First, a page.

By Brian Hufford, CPA, CFP®
Dentists have accumulated tremendous wealth in retirement accounts through careful tax planning during their careers. For most, these retirement assets are by far the single largest estate asset. But what happens to these accounts after a dentist dies?
Most dentists have done very little or no planning to protect heirs from unintended tax consequences on retirement accounts. They may have performed very detailed estate and trust planning and have wills that are a work of art. But without careful planning for beneficiaries on retirement accounts, they may have missed the most important tax planning of all. Most dentists overlook the need for this planning, thinking their estate documents cover this. Typically, they do not.
While there are beneficiary horror stories, such as the dentist who died without remembering to change a divorced spouse as beneficiary, most problems related to IRA beneficiaries are due to the inability to stretch payouts over the lifetimes of a spouse, children, and grandkids. Doing this can result in an immediate or accelerated income tax for beneficiaries.
By achieving the longest “stretch” possible with good beneficiary planning, parents can assure that subsequent generations and not the IRS realize the rewards of their savings. The extent of beneficiary planning performed by most dentists is simply to name a spouse as primary beneficiary. There has been no thought or planning related to distributions beyond this most basic level of primary beneficiary. The area of beneficiary planning is an incredibly complex subject, and an amazing tax-saving opportunity at the same time.
To illustrate extremes in planning sophistication, let’s assume that your widowed mother has a large IRA account with you as an only child beneficiary. Upon her death, the IRA custodian merely sends you a check for the proceeds from the IRA. With no planning, this distribution would be taxed as a single lump sum in the year of distribution.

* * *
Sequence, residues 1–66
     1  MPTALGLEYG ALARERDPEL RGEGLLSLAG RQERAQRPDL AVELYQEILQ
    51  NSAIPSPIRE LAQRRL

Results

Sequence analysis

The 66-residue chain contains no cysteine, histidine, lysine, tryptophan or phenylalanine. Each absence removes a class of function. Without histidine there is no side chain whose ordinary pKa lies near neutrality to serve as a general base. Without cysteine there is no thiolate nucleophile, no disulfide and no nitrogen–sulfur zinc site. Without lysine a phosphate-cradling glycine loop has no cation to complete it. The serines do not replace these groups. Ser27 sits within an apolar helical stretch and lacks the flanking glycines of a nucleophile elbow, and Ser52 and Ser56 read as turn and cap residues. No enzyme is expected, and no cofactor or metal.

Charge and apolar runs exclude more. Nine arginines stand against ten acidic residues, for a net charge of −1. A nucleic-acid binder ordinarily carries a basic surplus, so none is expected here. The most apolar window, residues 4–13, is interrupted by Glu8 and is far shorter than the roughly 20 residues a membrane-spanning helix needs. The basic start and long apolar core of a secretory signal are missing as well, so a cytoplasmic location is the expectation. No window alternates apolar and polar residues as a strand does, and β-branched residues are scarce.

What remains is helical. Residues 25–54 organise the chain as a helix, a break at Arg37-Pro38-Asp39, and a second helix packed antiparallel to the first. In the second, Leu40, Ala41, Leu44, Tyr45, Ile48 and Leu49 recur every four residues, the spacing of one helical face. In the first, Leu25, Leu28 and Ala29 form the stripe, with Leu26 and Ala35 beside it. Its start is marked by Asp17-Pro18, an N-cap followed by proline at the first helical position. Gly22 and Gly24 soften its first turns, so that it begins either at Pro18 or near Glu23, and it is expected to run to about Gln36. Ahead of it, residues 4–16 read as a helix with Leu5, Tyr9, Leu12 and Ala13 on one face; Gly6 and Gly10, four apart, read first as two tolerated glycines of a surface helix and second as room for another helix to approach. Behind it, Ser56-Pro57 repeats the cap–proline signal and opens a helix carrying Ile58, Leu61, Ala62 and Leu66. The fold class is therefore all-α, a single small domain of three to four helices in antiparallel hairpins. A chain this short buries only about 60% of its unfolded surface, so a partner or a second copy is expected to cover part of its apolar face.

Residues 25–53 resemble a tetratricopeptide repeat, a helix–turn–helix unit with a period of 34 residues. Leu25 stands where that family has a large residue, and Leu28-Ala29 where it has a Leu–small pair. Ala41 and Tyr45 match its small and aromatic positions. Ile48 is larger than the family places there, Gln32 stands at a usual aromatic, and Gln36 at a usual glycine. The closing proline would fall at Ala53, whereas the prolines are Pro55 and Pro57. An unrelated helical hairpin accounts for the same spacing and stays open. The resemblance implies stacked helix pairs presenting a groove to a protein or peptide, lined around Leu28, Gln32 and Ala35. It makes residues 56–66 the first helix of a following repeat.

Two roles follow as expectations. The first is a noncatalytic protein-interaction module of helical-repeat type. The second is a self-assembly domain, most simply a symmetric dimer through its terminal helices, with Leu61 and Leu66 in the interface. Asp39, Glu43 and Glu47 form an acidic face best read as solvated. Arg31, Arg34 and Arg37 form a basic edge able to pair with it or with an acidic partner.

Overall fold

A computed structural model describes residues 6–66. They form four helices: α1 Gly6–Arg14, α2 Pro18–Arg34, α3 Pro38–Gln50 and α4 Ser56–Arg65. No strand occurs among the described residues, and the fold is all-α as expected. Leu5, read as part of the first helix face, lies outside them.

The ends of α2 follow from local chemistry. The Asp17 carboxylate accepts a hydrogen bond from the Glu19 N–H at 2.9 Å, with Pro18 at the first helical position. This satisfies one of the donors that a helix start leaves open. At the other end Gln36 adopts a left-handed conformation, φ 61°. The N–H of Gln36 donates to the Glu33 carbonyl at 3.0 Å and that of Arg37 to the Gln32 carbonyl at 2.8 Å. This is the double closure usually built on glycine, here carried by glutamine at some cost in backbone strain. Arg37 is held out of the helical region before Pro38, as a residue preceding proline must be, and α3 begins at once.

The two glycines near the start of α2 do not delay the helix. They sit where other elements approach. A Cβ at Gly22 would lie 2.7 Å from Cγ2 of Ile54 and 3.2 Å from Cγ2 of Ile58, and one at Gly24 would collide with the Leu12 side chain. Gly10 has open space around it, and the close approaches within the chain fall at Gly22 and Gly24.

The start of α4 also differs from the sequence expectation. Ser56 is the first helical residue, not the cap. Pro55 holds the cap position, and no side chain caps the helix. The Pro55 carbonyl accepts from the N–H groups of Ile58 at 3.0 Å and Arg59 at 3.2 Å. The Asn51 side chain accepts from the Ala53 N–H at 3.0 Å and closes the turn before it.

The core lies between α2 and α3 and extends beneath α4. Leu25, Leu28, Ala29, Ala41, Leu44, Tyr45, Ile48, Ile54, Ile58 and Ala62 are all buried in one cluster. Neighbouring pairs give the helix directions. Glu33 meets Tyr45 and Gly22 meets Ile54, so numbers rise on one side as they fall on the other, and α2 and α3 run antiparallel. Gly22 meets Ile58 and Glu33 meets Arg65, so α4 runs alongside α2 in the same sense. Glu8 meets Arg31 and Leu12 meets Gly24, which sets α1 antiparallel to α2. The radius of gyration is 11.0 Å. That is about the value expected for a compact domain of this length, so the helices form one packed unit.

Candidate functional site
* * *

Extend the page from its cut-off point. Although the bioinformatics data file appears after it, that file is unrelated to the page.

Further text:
The ability to defer taxes for many years would be lost. This horrible outcome begs the most basic questions of IRA beneficiary planning: Who should the beneficiary of Mom’s IRA have been — her estate, you, or your children? In addition, what planning should have been conducted to avoid an immediate income tax?
These questions are at the heart of the planning needed to create tax-deferred wealth for families. Below are areas that you should be sure to address for retirement or IRA accounts:
Who are the current primary and secondary beneficiaries for your retirement and IRA accounts?
First, you should always know who your designated beneficiaries are, perhaps by keeping the most current copies of those documents with your will and trust documents. You should also be aware of when changes to beneficiaries are needed, such as in a divorce. Typically, your spouse should be your primary beneficiary, but there are times when this might not be the case. One instance might be if you have a large net worth and want to split the estate tax exemption between you and your spouse, by making your children the primary beneficiaries.
The best secondary beneficiary may not be your estate, which could greatly limit your ability to stretch the taxable payouts from retirement accounts. If you have children and grandchildren, planning for secondary beneficiaries becomes a critical element of income tax planning. Rather than making your estate the secondary beneficiary and limiting the time for payouts of IRA benefits, in most instances it is better to have children as secondary beneficiaries.
Be sure to conduct multigenerational planning
With so much of America’s wealth in retirement and IRA accounts, the need for sophisticated guidance and planning for beneficiaries has never been greater. When estate exemptions were small, most parents were primarily concerned about the estate taxes on IRA accounts.
With larger exemptions for estate taxes, income taxes are now the primary source for needed planning. This is controlled by designating the correct beneficiaries and making the proper elections. The ability to hold IRA monies in multiple IRA accounts with different beneficiaries for each adds to the potential for avoiding income taxes for multiple generations.
Once you or your parents have accumulated amounts in excess of $500,000 in retirement or IRA accounts, you should make a mental note that you need to conduct sophisticated beneficiary planning to assure that your family holds on to as much as possible of your hard-earned savings.
Brian Hufford, CPA, CFP®, is CEO of Hufford Financial Advisors, LLC, an independent, fee-only planning firm that helps dentists achieve financial peace of mind. Contact Hufford at (888) 470-3064 or [email protected].
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